Main content area

Survival and Growth of Wild-Type and rpoS-Deficient Salmonella Newport Strains in Soil Extracts Prepared with Heat-Treated Poultry Pellets

Shah, Manoj K., Bradshaw, Rhodel, Nyarko, Esmond, Millner, Patricia D., Neher, Deborah, Weicht, Thomas, Bergholz, Teresa M., Sharma, Manan
Journal of food protection 2019 v.82 no.3 pp. 501-506
Salmonella Newport, agricultural land, animal manures, food pathogens, fruits, heat treatment, microorganisms, nutrients, pellets, poultry, runoff, soil, soil amendments, vegetables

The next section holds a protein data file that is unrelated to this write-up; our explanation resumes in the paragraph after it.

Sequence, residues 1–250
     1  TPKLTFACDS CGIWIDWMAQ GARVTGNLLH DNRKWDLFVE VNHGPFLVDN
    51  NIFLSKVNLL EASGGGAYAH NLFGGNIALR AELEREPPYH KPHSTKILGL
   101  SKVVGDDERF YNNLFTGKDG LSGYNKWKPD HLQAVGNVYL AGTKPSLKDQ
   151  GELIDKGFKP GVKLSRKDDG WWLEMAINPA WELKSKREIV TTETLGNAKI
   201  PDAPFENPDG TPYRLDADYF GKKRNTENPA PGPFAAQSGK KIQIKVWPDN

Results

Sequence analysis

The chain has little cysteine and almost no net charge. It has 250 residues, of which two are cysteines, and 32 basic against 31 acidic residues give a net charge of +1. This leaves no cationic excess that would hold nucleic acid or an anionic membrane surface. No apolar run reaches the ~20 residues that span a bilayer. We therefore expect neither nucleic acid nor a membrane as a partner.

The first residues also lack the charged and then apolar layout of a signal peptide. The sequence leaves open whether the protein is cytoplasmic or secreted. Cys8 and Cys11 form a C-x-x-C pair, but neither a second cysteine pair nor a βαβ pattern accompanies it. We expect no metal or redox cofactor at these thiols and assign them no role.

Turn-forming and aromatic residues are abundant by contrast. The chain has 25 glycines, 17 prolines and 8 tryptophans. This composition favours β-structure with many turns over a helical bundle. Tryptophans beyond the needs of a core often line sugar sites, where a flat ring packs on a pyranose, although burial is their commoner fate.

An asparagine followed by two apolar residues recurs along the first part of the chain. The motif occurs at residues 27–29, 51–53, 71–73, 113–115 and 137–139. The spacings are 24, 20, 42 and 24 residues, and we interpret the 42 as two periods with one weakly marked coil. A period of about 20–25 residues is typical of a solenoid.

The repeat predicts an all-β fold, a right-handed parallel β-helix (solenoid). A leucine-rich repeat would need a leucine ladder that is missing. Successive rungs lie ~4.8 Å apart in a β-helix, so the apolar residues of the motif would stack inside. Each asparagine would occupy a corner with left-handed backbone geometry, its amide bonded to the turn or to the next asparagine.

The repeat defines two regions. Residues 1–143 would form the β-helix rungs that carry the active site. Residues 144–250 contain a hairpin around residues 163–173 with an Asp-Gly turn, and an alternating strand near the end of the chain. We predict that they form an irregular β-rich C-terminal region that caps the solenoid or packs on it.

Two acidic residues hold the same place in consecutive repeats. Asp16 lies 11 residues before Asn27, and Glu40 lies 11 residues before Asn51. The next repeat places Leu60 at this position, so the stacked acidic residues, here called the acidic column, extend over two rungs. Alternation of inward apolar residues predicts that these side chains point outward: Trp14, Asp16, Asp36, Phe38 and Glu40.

Manure runoff can transfer pathogens to farmlands or to water sources, leading to subsequent contamination of produce. Untreated biological soil amendments, like manure, can be contaminated with foodborne pathogens, such as Salmonella Newport, which may lead to transfer of the pathogen to fruits or vegetables. Studies have reported the occurrence and survival of Salmonella in manure or manure slurries. However, data on the survival and growth of Salmonella Newport is lacking in matrices simulating runoff. We quantified the survival and growth of wild-type (WT) Salmonella Newport and rpoS-deficient (ΔrpoS) strains in sterile and nonsterile soil extracts prepared with (amended) or without (unamended) heat-treated poultry pellets at 25°C. Salmonella Newport WT and ΔrpoS populations reached a maximum cell density of 6 to 8 log CFU/mL in 24 to 30 h in amended and unamended soil extracts and remained in stationary phase for up to 4 days. Salmonella Newport in amended soil extracts exhibited a decreased lag phase (λ, 2.87 ± 1.01 h) and greater maximum cell densities (Nmax, 6.84 ± 1.25 CFU/mL) compared with λ (20.10 ± 9.53 h) and Nmax (5.22 ± 0.82 CFU/mL) in unamended soil extracts. In amended soil extract, the ΔrpoS strain had no measurable λ, similar growth rates (μmax) compared with WT, and a lower Nmax compared with the WT strain. Unamended, nonsterile soil extracts did not support the growth of Salmonella Newport WT and led to a decline in populations for the ΔrpoS strain. Salmonella Newport had lower cell densities in nonsterile soil extracts (5.94 ± 0.95 CFU/mL) than it did in sterile soil extracts (6.66 ± 1.50 CFU/mL), potentially indicating competition for nutrients between indigenous microbes and Salmonella Newport. The most favorable growth conditions were provided by amended sterile and nonsterile soil extracts, followed by sterile, unamended soil extracts for both Salmonella Newport strains. Salmonella Newport may grow to greater densities in amended extracts, providing a route for increased Salmonella levels in the growing environments of produce.